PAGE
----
Gun violence has been an issue in the United States for many years. In this article of the ‘Violence in Education’ series, Rebecca Thorning Wine contextualises American attitudes towards gun control in schools and the weak legislation surrounding the issue.
The Education Under Attack report has explored violence in schools throughout various nations and focused on ‘development issues’. Yet in the 21st century, the US is still embarrassingly stuck with arcane gun laws. Out of 82 worldwide mass and school shootings since 1996, 64 of them have occurred in the US.
The second Amendment of the US constitution, states that “a well regulated militia, being necessary to the security of a free state, the right of the people to keep and bear arms, shall not be infringed”. The country is therefore polarised between those who believe in gun control, and those who believe that it is their birth right as an American to unrestricted firearm ownership led by an organisation with a war chest so large that Congressmen tremble in their seats.
In 2012, an elementary school shooting in Newtown, Connecticut sparked a debate in the US about gun control. 20 children and 6 teachers were killed during the incident. Gun advocates argued that teachers should begin carrying guns, in order to prevent more gun deaths in schools. Oklahoma Senator, Ralph Shortey who argued in favour of this policy, stated that in the rare situation of a school shoot-out, it would be better if the teacher was prepared and that “if we can’t trust a teacher with a gun, why should we even trust a teacher with our kids”.
A week ago, at a high school just outside of Pittsburgh, a 16 year-old sophomore went on a stabbing spree harming 19 students, and one security guard. This re-ignited the gun control debate. Proponents of the right to own guns have used this incident as ammunition for the argument that any weapon is dangerous, and that firearms should not be singled out and regulated. However, gun control supporters argue that if the student was wielding a gun, the 19 students could have died instead of being injured.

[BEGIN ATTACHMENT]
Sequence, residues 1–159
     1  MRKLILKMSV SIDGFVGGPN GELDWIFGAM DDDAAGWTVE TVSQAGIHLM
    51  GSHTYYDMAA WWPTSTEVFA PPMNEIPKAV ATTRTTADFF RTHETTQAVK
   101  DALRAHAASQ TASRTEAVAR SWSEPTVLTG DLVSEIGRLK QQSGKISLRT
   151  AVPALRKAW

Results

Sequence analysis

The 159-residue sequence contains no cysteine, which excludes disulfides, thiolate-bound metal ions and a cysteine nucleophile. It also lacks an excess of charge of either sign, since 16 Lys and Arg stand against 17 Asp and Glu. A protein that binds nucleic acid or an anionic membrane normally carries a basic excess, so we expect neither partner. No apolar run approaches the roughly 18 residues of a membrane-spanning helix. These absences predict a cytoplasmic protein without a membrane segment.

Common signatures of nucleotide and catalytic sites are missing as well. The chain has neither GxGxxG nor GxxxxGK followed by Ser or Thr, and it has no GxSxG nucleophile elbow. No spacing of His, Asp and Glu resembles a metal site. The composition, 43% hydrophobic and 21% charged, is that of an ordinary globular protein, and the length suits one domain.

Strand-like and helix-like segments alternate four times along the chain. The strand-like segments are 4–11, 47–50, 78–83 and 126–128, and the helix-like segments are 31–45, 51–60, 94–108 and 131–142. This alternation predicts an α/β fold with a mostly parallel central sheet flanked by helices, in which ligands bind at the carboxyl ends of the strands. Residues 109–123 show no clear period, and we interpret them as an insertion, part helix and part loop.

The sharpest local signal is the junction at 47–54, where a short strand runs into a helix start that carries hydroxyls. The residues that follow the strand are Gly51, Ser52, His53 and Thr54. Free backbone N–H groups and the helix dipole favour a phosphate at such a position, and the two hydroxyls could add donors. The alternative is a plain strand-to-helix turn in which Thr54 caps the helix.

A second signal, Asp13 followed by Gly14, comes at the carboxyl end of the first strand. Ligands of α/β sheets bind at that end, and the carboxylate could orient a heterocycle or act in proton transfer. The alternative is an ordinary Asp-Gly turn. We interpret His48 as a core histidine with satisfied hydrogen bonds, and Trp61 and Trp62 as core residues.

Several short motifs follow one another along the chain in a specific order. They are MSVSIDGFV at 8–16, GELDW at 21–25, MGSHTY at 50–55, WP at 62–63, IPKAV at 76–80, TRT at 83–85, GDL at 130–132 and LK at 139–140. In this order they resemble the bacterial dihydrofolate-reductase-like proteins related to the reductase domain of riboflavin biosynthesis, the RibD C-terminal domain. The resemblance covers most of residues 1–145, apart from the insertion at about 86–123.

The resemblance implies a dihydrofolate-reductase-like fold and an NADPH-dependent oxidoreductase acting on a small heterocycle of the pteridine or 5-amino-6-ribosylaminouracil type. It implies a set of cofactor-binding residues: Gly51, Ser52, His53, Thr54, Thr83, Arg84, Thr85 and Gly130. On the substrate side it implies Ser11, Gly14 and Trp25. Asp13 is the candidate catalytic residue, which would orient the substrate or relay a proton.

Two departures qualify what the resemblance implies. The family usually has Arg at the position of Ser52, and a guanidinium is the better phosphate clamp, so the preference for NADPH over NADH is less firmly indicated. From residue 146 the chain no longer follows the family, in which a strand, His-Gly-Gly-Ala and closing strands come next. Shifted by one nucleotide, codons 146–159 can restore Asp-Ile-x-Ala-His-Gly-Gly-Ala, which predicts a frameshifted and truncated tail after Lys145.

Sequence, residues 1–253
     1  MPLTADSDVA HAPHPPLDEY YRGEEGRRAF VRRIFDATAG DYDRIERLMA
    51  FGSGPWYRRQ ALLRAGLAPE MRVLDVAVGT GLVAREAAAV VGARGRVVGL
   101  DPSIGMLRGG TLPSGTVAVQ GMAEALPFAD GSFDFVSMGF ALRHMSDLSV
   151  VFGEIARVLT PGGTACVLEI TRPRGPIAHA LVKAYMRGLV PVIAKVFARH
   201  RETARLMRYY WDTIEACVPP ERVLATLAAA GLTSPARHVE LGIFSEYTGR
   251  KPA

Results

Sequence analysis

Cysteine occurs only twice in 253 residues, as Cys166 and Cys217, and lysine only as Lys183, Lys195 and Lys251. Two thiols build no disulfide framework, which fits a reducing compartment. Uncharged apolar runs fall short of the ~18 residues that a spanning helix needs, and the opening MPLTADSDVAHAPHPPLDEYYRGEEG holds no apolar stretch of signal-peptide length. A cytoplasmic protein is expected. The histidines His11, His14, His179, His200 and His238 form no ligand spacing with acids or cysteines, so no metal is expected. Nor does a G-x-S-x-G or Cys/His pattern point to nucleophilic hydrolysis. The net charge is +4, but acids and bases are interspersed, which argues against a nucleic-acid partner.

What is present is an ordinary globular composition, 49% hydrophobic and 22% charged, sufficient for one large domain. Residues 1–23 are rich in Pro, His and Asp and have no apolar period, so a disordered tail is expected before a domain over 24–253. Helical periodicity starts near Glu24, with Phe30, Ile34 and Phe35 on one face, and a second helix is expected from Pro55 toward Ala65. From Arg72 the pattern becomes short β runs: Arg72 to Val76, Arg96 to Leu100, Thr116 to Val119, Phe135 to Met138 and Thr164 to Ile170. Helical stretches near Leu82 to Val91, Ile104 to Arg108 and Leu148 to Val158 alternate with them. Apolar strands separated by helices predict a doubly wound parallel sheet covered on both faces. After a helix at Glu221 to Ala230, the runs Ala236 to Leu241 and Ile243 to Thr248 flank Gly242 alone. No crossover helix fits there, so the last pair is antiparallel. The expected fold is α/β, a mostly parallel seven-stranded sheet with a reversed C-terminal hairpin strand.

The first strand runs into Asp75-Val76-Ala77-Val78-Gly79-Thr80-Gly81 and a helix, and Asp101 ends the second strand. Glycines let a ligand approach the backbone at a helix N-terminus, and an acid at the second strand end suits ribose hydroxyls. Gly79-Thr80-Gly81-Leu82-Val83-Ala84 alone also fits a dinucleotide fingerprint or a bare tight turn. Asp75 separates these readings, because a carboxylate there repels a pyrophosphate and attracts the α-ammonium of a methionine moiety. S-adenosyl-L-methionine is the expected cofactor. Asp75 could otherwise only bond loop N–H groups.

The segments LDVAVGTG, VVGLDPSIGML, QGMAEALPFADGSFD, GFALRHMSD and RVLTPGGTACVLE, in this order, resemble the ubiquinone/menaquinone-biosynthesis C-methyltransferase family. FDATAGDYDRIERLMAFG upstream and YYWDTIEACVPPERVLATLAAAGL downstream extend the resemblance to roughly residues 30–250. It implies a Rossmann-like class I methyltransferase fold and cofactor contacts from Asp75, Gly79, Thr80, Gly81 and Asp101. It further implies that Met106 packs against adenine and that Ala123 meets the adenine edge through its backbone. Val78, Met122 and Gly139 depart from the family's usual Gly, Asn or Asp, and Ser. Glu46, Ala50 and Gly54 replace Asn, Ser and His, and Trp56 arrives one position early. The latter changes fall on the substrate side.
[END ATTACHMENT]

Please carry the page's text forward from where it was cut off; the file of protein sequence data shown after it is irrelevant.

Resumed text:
Guns and Deaths in the US
In 2013, two New York City cardiologists conducted a study that found that there are 88 guns per 100 people in the US, and 10 gun-related deaths per 100,000, which is more than any of the other 27 developed countries they studied. This begs the question: how can gun enthusiasts claim that more guns lead to fewer deaths? In fact, another study peer-reviewed in the American Journal of Public Health that was released in 2013, found just the opposite: widespread gun ownership leads to widespread gun violence. The authors had found that “for each one percentage point increase in proportion of household gun ownership, firearm homicide rate increased by 0.9 per cent”.
Gun Control vs. the NRA
The National Rifle Association (NRA), a non-profit organization founded in 1871 that promotes gun ownership rights, is considered one of the most influential lobbying groups by lawmakers and congressional staffers, according to FORTUNE magazine. In fact, CBS News chief Washington correspondent Bob Schieffer, has said about the organisation that:
“Congress is literally afraid to take on the National Rifle Association because they know that if they make any kind of statement [that] even suggests some sort of limits on gun control, the NRA is going to pour, literally, hundreds of thousands of dollars in a campaign to defeat them.”
According to a Guardian article in 2013 there were 13 ways that the NRA weakened gun control laws. The more extreme of the 13 was to oppose legislation that would prohibit the sale of guns to people on the federal government’s terrorist watch list.
Despite White House efforts to strengthen gun control in the wake of the Newtown elementary school massacre, the republican controlled House piloted by the NRA and an faulty belief in second amendment rights, failed to even pass some of the most diluted gun control legislation.
This, as much as ‘development’ issues of violence in education mentioned in this years report, should be on top of the US – and global – agenda in discussions on the future safeguarding of school children.